Life insurance industry ‘slowly losing relevance’: Capgemini
Despite enormous tailwinds, including a historic wealth transfer and an ageing population, the global life insurance industry is slipping backwards according to a new report from business management consultancy Capgemini.
Since 2005, life insurance premiums have grown an anaemic 1.9 per cent, the report states, quoting figures from the International Monetary Fund, which is less than half the global GDP rate of 4.1 per cent.
Over time, the report explains, well-capitalised competition from contemporary providers like asset managers, banks and securities brokers has eaten away at the market share of traditional life insurance companies.
“The life insurance industry is slowly losing relevance as multiple financial services providers compete to serve the needs of an ageing population,” it states. “The industry’s slow growth has dimmed its appeal to investors.”
The news gets worse for life insurers, with researchers predicting that the incoming wealth transfer from baby boomers to their descendants will trigger a significant outflow as a new generation of wealth holders sources a new cohort of providers.
“The industry’s financial situation is in flux as history’s largest intergenerational wealth transfer begins,” the report continues. “Currently, 65+ year old policyholders own 40 per cent of insurers’ assets under management (AUM), which for the 40 largest global life insurers totals $US7.8 trillion. However, these assets are poised to be transferred to beneficiaries by 2040, posing a significant risk for insurers to lose AUM.”
Nearly three quarters (71 per cent ) of the AUM up for grabs will shift to beneficiaries over 50 , the report notes. “Thus, the industry should prioritise deepening relationships with ageing policyholders and their beneficiaries.”
The global issues traditional life insurers are facing reflects a similar struggle in Australia, where a mix of mismanagement, poor investment and regulatory constraint has hobbled the life insurance industry in recent years.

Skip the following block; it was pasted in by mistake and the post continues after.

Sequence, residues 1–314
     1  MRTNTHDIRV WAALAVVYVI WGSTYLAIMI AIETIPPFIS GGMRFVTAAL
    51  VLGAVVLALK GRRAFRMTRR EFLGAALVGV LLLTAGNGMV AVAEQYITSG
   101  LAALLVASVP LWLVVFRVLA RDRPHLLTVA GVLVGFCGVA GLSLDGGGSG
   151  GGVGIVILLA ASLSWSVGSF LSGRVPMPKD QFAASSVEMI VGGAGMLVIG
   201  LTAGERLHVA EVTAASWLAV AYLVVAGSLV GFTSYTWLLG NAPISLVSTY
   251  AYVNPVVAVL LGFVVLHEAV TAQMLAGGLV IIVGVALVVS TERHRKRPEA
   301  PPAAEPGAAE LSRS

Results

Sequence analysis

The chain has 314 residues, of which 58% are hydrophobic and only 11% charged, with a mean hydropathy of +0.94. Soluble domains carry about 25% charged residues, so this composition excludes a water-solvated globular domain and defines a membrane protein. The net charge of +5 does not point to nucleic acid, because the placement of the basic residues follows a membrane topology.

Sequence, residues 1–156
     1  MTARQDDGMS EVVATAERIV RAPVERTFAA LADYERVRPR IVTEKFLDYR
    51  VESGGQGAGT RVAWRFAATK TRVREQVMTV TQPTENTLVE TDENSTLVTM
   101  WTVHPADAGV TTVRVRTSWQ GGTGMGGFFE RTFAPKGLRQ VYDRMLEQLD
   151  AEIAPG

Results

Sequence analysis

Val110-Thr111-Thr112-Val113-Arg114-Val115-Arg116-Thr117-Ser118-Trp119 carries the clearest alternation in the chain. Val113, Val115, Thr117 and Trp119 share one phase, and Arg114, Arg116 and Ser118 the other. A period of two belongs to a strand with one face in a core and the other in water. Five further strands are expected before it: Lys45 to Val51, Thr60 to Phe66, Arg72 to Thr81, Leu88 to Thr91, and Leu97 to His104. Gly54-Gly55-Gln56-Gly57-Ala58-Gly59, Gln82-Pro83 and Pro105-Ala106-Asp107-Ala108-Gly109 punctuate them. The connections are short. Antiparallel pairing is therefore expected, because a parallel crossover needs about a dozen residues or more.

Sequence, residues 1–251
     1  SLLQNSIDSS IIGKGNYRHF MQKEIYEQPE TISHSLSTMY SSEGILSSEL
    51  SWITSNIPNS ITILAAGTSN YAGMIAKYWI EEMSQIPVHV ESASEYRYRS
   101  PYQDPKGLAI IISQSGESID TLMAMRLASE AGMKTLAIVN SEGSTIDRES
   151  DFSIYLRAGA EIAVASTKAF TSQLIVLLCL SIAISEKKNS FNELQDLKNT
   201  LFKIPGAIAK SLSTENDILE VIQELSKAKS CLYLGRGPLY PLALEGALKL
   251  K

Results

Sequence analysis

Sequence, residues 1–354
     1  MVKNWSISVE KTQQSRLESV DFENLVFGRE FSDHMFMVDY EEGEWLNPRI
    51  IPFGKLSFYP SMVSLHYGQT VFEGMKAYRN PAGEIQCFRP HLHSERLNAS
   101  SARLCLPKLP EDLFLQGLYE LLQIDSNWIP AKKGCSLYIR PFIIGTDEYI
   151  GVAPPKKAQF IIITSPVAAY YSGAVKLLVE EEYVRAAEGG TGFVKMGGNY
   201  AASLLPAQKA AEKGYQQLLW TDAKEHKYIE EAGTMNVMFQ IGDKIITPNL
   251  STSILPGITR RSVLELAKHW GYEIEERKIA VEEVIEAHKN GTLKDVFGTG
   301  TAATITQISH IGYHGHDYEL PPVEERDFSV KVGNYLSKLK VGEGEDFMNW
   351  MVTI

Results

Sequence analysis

The sector was already struggling in 2017 after the introduction of Life Insurance Framework laws that limited commissions to life insurance advisers. The 2018 Hayne Royal Commission then cast the industry in poor light after highlighting dodgy sales practices and proposing anti-hawking laws.
Data released by the Australian Prudential Regulation Authority in March revealed a 50.7 per cent fall in revenue for the sector in 2022, with net profit after tax falling 59.3 per cent.
While regulatory fixes have been brought in to limit policy loopholes that have seen insurers leak money, they have also been dealing with a narrowing distribution funnel; adviser numbers have shrunk ~40 per cent since the royal commission and it’s understood there are less than 1,000 dedicated insurance advisers in the country.
Open for disruption
All this has left the industry “one of the ripest for disruption”, PWC said in its Future of Life Insurance in Australia report. The consultancy giant believes a loss of trust is responsible for the problems plaguing the local industry, which leaves it wide open to market share loss.
“The public trust that is vital to the insurance model is a key issue on which the industry has found itself on the back foot,” PWC states. “The industry is also seen as being one of the ripest for disruption. Non-traditional players are looking for ways to use technological advances to create more valuable customer propositions and greater efficiency across the life insurance value chain.”
According to Capgemini, traditional insurers can get back on track by either partnering with technology players or investing in their own contemporary solutions to client needs.
“The public trust that is vital to the insurance model is a key issue on which the industry has found itself on the back foot,” the Life Insurance Report states. “The industry is also seen as being one of the ripest for disruption. Non-traditional players are looking for ways to use technological advances to create more valuable customer propositions and greater efficiency across the life insurance value chain.”